A CONVERSATION WITH TRAUMA
Duk Ju L. Kim & Stephen Champion Cancerfund Galle Exhibition
How does art, in its varying mediums, provide a cathartic experience to those in its space, be it its creator, or its observer? And through which ways does an artist navigate the landscape of their experienced trauma and translate it into a work of art in service to the observer’s trauma? The interaction between art and the mental or physical comfort and security is one that allows for a space of catharsis and healing through an individual’s consciousness and becomes a therapeutic conversation between the artist and their work of art. The Cancerfund-Galle exhibition, founded by Pakistani artist and writer, in the attempt to advocate for communities to heal through the notions of art and raise awareness to the cause that contributes in supporting these communities. The first part of the exhibition will host upto twenty-four artists conversing through art the significance of this healing process and the efforts that must be applied to overcome these hurdles. In documenting these conversations, we spoke to artists Duk Ju L. Kim and Stephen Champion as we explored their perspectives of healing with art and the cathartic nuances of its implications.
Duk Ju L. Kim was born in Busan, South Korea and spent formative years of her childhood in Tehran, Iran, where her father moved the family for work. She received her BFA from the Rhode Island School of Design. She’s done post-graduate work at the School of the Art Institute of Chicago and the Skowhegan School of Painting and Sculpture in Maine. Her artwork has been honored with numerous awards, including a Chicago Cultural Center Honorarium and an Illinois Arts Council Fellowship recognizing exceptional artists in the state. Historical, geopolitical, and current events like the ones that shaped Kim's early life and perception of the world have a presence in her paintings, too. Exploring dichotomies and incongruities, Kim frequently injects seemingly random evidence of life onto an otherwise dystopian environment. Gravity and violence coexist with grace and beauty in Kim’s paintings. The effect is both exquisite and perverse.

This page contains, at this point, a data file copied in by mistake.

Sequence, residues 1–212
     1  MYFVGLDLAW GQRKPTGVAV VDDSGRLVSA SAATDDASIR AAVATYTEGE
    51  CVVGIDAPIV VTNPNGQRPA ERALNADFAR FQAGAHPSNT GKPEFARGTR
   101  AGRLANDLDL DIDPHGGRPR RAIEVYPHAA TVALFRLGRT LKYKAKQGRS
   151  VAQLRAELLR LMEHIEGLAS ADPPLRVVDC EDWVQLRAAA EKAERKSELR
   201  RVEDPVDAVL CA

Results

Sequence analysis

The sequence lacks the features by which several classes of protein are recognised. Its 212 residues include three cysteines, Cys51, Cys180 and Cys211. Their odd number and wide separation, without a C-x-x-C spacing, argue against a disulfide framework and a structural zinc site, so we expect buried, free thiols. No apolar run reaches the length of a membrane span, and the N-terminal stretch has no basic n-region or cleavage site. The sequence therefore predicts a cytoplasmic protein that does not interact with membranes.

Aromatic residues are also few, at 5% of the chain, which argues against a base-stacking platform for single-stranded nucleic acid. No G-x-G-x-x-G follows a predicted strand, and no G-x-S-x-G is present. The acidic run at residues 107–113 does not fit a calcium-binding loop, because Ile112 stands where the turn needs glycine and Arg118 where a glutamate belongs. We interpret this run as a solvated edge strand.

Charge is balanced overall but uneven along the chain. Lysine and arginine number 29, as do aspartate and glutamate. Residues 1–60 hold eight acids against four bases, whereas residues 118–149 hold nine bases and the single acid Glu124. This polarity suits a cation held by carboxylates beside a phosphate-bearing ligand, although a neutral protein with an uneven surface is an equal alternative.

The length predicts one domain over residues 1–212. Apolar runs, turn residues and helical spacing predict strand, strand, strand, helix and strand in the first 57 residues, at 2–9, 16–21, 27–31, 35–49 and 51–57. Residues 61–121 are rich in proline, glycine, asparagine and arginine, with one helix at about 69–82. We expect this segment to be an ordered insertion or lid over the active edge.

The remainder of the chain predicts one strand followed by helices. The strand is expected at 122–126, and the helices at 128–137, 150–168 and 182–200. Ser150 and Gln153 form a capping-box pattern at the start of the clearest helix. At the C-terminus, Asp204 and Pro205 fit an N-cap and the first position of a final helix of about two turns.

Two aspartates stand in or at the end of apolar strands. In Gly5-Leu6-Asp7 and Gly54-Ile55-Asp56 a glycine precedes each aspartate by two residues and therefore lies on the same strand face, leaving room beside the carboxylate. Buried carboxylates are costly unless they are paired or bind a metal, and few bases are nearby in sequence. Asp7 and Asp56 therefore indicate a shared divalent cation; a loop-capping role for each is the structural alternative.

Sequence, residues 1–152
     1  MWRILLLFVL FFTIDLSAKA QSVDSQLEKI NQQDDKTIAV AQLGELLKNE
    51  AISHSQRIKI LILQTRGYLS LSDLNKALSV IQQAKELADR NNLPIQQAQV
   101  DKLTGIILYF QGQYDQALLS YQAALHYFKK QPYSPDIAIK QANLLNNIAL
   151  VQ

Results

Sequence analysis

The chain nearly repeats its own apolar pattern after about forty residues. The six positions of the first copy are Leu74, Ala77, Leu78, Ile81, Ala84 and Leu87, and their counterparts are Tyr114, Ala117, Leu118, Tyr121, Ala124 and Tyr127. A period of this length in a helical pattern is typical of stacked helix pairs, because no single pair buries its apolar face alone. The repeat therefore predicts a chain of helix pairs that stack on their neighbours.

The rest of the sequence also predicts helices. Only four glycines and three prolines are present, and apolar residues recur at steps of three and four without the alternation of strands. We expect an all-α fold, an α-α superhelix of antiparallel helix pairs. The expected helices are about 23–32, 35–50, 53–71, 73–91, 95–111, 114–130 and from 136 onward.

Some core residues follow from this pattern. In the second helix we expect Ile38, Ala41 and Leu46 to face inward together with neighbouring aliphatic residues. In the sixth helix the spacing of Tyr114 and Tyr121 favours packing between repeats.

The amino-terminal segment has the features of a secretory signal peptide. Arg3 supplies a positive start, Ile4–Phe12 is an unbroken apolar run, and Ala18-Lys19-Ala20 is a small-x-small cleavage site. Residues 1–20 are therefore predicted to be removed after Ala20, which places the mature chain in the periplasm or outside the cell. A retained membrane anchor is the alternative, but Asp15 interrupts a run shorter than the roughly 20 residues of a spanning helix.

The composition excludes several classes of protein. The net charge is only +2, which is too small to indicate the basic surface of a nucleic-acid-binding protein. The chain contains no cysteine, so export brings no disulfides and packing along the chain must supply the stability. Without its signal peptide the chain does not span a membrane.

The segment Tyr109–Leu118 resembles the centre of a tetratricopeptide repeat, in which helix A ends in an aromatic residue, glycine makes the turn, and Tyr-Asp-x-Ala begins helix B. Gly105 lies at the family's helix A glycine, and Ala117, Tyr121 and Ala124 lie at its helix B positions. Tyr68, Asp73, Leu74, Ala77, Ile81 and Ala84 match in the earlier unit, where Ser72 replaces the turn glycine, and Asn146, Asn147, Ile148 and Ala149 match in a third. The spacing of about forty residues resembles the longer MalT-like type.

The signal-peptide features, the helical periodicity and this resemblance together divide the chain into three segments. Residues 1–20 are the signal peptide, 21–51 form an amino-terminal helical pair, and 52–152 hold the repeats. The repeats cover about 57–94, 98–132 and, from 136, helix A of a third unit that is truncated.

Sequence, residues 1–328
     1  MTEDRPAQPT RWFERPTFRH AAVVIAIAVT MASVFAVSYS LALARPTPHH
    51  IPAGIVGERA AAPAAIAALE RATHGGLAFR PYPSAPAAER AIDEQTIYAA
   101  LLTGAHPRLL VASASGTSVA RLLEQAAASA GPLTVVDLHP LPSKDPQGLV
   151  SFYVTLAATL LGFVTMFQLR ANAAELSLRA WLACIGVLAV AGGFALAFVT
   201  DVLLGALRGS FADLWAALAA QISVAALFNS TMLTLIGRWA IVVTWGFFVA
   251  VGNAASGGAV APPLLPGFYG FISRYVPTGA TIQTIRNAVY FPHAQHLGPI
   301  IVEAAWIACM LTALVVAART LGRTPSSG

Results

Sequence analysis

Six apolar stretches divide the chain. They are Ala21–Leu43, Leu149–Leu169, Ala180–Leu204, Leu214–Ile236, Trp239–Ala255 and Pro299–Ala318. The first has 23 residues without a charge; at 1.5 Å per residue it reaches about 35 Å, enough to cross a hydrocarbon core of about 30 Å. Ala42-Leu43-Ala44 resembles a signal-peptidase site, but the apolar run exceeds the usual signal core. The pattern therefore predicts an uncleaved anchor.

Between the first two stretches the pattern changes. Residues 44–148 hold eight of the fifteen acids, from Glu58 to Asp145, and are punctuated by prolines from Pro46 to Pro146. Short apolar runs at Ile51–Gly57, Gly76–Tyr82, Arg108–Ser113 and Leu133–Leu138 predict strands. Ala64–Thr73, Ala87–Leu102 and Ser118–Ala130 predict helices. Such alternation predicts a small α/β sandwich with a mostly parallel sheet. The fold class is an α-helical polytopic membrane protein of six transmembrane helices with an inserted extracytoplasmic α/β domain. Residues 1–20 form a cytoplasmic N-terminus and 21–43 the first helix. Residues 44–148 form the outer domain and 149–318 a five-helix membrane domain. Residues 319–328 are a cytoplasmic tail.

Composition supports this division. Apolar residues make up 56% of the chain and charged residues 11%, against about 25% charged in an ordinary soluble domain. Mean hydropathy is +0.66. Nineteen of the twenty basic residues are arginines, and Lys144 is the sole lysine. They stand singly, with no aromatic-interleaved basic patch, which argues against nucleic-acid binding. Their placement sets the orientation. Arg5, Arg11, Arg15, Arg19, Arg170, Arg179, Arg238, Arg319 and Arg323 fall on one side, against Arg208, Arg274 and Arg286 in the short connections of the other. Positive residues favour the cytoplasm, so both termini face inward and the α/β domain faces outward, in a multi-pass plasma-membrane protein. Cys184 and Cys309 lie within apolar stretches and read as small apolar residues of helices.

Stephen Champion gained his BA in photography at the Arts Institute Bournemouth and his MFA at the Arts Institute San Francisco in the early 1980’s. He then became a freelance portrait photographer in London and was published in the leading magazines and publications of the time and his work was exhibited internationally. From 1986 he developed new works in Sri Lanka. His Sri Lankan photographs have appeared worldwide in magazines, academic research papers, newspapers, television and film productions, books and exhibitions. Champion has been visiting lecturer at several UK universities and his work is retained in both public and private collections. In 2013 the Brunei Gallery hosted his first retrospective exhibition at SOAS, London, where a broad range of his work was shown. His new works are bound together in ‘Lanka Portrait’, and ‘Lanka Colours of Change’; his fourth and fifth books, which he hopes to publish and exhibit in the near future under the title ‘Champion Lane’.
Q |WHAT INSPIRED YOU TO ENGAGE WITH ART, AND CHOSE ART AS A MEANS OF EXPRESSING YOURSELF?
Duk Ju L. Kim | This is not a simple question. Everybody has their own story in the way they've developed into choosing the arts (visual, music, writing, i.e.) as a main form of communication. I drew and painted at a very young age - I guess it came to me naturally as I was a very shy youngster and tended to withdraw into my own world. I realize now that it was crucial in my survival as I was an immigrant coming from Korea, then Iran, eventually to Texas. Eventually, I utilized this form of communication to express myself as the most honest way to communicate. And of course! I wouldn't have been able to follow this path without my mother Kim Gay Ja's silent, but unrelenting support and encouragement!